The students participating in the aviation classes at Mt. Vernon High School have already experienced more training at their age than most employed pilots. These aviation students, comprised of students from Greenfield Central High School and Mt. Vernon High School, have flown with a pilot and also visited the Indianapolis Regional Airport where they saw the Indiana State Police’s planes and helicopters in their aviation hangar. The students recently participated in a flight simulation training, as well as being among the select few admitted inside the Indianapolis International Airport’s control tower.
Prior to the flight simulation experience, the aviation students were fortunate to have a Republic Airways pilot, mechanic, and a LIFT instructor visit their classroom and discuss details of their careers. Republic Airline pilots receive several unique perks including an industry-leading $45/hour or approximately $60,000/year as a beginner, frequent pay increases, healthcare, dental care, retirement, vacation, and sick time. Pilots are able to achieve a six-figure salary by their mid-20s and have a mandatory retirement of age 65.
After hearing about a variety of aviation positions and the pros and cons of each, students were anxious to try the flight simulation provided by LIFT. The mobile flight simulator offered four students at a time to experience a virtual reality landing, using two flight controllers. Students boarded the LIFT trailer, sat at individual computers with controllers, headsets and virtual reality glasses. The sounds and visuals made the experience feel very real to the students. Not surprisingly, most students landed their plane without a hitch.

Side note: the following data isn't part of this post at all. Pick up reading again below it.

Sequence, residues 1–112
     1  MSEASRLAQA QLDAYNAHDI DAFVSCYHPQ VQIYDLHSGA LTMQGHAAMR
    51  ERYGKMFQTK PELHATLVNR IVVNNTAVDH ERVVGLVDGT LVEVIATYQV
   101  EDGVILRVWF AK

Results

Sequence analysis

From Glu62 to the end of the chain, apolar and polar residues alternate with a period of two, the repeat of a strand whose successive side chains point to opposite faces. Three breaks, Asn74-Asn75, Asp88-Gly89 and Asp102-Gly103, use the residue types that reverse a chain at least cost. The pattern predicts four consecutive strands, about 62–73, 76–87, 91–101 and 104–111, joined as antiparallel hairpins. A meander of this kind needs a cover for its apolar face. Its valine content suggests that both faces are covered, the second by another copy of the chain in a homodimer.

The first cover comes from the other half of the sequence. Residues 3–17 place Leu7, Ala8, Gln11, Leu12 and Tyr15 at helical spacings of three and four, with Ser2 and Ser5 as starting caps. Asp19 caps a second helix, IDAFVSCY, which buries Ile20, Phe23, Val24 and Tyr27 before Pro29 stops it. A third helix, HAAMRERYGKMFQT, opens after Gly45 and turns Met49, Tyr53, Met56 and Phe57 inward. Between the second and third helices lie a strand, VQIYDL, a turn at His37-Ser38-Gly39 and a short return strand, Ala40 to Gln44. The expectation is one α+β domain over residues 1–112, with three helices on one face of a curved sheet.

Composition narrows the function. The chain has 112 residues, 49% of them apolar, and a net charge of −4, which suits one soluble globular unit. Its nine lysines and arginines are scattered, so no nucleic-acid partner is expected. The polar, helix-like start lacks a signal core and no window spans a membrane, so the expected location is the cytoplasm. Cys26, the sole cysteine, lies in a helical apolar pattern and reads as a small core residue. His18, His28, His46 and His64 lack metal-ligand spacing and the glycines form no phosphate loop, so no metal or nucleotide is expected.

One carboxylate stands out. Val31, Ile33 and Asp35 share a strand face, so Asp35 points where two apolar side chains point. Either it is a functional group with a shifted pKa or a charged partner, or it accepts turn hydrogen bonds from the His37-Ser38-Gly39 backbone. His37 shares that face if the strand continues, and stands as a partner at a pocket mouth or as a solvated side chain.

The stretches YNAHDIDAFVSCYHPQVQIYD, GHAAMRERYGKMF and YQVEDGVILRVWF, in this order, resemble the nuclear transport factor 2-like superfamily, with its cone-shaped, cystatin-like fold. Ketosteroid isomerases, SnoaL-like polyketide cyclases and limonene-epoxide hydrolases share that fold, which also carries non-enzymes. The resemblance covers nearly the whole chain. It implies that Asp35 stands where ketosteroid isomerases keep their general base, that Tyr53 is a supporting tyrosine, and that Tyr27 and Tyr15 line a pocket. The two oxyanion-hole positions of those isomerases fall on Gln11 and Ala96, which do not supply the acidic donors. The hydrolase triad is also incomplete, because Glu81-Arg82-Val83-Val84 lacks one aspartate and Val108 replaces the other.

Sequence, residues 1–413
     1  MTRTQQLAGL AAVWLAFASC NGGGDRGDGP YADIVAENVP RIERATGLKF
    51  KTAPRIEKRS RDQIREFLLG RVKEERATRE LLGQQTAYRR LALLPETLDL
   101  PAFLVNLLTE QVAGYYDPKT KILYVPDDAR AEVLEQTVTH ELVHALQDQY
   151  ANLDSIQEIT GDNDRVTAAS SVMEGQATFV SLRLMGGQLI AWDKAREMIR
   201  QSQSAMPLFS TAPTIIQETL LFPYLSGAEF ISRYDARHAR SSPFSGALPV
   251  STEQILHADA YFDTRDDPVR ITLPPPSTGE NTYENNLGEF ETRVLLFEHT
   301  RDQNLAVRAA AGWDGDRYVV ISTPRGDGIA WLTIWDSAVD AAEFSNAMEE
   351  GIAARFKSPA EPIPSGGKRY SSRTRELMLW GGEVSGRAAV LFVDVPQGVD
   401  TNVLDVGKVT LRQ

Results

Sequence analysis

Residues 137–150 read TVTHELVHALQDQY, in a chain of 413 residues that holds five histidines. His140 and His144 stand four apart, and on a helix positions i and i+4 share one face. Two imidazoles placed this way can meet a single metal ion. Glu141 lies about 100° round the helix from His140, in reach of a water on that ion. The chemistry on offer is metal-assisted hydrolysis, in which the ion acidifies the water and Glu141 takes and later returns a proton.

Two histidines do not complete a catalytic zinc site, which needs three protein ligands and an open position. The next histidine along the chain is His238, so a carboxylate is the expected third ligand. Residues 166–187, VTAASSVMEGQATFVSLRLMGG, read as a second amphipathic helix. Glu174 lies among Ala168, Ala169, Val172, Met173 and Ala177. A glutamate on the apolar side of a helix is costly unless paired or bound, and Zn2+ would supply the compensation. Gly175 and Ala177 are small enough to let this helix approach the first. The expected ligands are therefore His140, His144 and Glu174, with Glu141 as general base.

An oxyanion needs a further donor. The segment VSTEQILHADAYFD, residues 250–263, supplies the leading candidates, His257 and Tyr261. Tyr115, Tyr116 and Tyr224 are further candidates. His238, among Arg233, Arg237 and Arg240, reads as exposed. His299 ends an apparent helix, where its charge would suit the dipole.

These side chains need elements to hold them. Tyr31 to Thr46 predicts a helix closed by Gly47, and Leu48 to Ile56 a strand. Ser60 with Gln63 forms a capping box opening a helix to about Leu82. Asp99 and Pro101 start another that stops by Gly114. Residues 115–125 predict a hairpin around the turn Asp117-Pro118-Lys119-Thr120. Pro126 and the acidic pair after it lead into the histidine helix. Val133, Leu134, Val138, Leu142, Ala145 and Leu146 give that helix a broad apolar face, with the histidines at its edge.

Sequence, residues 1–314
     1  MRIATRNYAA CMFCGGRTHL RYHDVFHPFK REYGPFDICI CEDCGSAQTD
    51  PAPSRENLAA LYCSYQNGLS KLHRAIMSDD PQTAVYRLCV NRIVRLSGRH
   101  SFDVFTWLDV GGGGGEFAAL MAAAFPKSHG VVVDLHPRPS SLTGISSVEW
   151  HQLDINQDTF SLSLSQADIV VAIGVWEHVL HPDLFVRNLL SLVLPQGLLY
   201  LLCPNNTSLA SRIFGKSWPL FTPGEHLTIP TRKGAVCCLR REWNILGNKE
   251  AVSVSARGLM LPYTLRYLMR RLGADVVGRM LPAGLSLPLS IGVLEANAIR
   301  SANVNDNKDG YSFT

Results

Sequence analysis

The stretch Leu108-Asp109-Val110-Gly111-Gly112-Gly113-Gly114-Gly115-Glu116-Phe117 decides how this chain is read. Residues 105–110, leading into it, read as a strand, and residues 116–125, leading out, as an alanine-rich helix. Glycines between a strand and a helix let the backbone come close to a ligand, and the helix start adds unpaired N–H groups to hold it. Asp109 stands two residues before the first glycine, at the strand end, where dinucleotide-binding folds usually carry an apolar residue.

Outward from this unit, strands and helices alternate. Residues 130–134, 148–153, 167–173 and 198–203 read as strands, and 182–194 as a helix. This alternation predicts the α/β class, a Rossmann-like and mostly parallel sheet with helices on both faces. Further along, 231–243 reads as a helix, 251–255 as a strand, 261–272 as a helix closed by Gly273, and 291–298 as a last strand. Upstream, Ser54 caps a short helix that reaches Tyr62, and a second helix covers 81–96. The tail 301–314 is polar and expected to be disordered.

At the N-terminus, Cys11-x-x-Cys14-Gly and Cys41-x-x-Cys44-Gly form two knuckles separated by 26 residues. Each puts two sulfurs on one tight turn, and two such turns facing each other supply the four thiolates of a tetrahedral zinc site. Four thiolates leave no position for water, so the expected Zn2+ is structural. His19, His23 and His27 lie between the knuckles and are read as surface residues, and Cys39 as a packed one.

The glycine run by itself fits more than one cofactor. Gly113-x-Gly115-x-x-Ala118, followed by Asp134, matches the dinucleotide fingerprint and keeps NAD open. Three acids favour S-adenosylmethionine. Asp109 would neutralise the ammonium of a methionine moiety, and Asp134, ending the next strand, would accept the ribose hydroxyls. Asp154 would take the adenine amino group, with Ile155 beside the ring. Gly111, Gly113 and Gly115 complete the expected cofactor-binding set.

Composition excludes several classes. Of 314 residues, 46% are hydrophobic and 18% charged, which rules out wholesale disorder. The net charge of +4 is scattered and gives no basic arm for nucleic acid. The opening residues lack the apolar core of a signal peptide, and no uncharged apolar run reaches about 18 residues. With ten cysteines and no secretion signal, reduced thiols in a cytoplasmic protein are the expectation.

These high school students are learning about a variety of pathways to achieve their aviation dreams. Republic Airways offers a training program known as LIFT (Leadership In Flight Training) Academy to those who want to pursue the unique path of becoming an airline pilot. The LIFT Academy is based in Indianapolis, Indiana and was created specifically to help meet the rising demand for commercial airline pilots. Students can also use their high school aviation credits at Ivy Tech to pursue a degree or certification, and Purdue also offers aviation courses.
These lucky Greenfield-Central and Mt. Vernon High School students were among the select to travel the halls of the Indianapolis International Airport’s control tower. Due to security reasons, no pictures or video were allowed in any part of the control tower, and cell phones were to remain off.
The Terminal Radar Control, or “TRACON,” was a dark room in the basement with a number of radar screens showing green indicators of airplanes and other markers important to the controllers. This group of controllers was responsible for positive separation airspace for airplanes approaching and departing the greater Indianapolis airspace. Only three radar cubbies were open, which meant there were not that many planes in the Indianapolis airspace.
Students learned that a controller that has had class training and passed the exam can then be hired by the Federal Aviation Administration (FAA). They have to then pass a multitude of tests including psychological, medical and aptitude. If the controller passes those tests, the next step is to visit Oklahoma City for additional simulation or other tests required by their specific position.
Across the country, controllers have the same responsibility and verbiage. Controllers who pass all tests will be able to pick from 15-20 facilities in the United States and then begin their career.